International nurses could help fill shortfall in Shropshire community hospitals
International nurses are expected to fill vacancies in Shropshire’s community hospitals amid growing demand.
The inpatient beds at Bishop’s Castle Community Hospital have been closed since October 2021 due to safety concerns around staffing levels.
Whitchurch currently has the highest amount of vacancies for registered nurses in the remaining community hospitals with inpatient beds.
“In Ludlow and Whitchurch increased levels of health care assistants were used during June when there were no registered nurses available,” said Claire Hobbs, director of nursing for the NHS Shropshire Community Health Trust (Shropcom).
“There were no particular incidents which have been highlighted as a result of that reduction in registered nursing. However, it’s not something that we’d want to maintain on a regular basis.”
A report submitted to the August meeting of Shropcom said that the introduction of international nurses would ‘vastly improve the picture’ for the registered nurses vacancies.
Currently the trust has 13 international nurses, a number expected to increase to 30 by October this year.
Mrs Hobbs added that they were also using nursing associates, with ‘bigger numbers than ever’ coming through, and an increased number of trainees due to the ‘huge national gap’ in registered nurses.
This comes as the occupancy rates reported for community hospitals in January were 94 per cent.
The dependency of patients has also increased the pressure on staffing levels at the inpatient beds of community hospitals.
“From a registered nursing perspective that’s where our shortfall has been and that’s the reason why Bishop’s Castle had to close (inpatient beds),” added Mrs Hobbs.
“It was specifically around registered nursing rather than anything else. You can see the challenges that we’ve got particularly in Ludlow, but also developing in Whitchurch as well.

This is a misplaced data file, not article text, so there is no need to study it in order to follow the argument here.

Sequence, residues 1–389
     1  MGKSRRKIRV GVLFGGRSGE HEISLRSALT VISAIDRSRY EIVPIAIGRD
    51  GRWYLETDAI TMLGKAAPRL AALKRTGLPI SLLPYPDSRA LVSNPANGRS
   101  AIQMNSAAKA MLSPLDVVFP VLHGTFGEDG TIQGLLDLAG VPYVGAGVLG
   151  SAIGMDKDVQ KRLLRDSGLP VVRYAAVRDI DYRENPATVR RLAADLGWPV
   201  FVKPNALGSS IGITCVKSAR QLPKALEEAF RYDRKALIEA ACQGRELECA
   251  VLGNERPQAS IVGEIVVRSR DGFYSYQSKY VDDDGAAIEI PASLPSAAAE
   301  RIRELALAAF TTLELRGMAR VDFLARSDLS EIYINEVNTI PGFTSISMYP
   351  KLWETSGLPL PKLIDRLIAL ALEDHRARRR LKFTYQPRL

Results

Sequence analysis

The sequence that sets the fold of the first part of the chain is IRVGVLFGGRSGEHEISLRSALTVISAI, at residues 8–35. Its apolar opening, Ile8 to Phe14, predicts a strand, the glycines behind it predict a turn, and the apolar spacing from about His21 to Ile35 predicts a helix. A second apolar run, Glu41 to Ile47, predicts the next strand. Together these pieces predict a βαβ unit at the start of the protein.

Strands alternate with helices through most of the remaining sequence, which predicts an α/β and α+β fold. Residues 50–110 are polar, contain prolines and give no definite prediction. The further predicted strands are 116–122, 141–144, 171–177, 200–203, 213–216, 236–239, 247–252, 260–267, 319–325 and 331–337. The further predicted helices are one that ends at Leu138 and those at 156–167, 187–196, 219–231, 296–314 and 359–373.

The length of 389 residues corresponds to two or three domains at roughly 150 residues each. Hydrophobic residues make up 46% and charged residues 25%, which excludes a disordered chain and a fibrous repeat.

“Although Whitchurch is closely linked with sickness as well as vacancy. There is increased rates of health care assistants which is partly because of the dependency, trying to keep patients safe.
“Also trying to fill the gap of the registered nurses that we can’t get hold of. It tells a story of 43,500 national vacancies for registered nurses.
“Where there is increased levels of dependency you need more one-to-one care, this is right across the board at the minute.
“The dependency of patients has absolutely shifted phenomenally since Covid. That is as a result of people not getting the correct levels of care during Covid and now coming out of Covid not being able to get hold of primary care appointments like they used to be able to.
“It all builds, we’ve got patients that perhaps have waited longer than they would have done previously to receive care or have assessments and that’s having a knock-on effect now in the type of dependent patients that we’re seeing.
“I think this is the future of how patient care will look.”
Patricia Davies, chief executive, highlighted that Telford and Wrekin was a ‘hot spot’ of having growth in the over-64 and over-75 age brackets.
“It’s an eye-watering figure,” said Mrs Davies. She added that there were talks about how resources are being deployed at a local level to meet the need and nationally around local authority funding.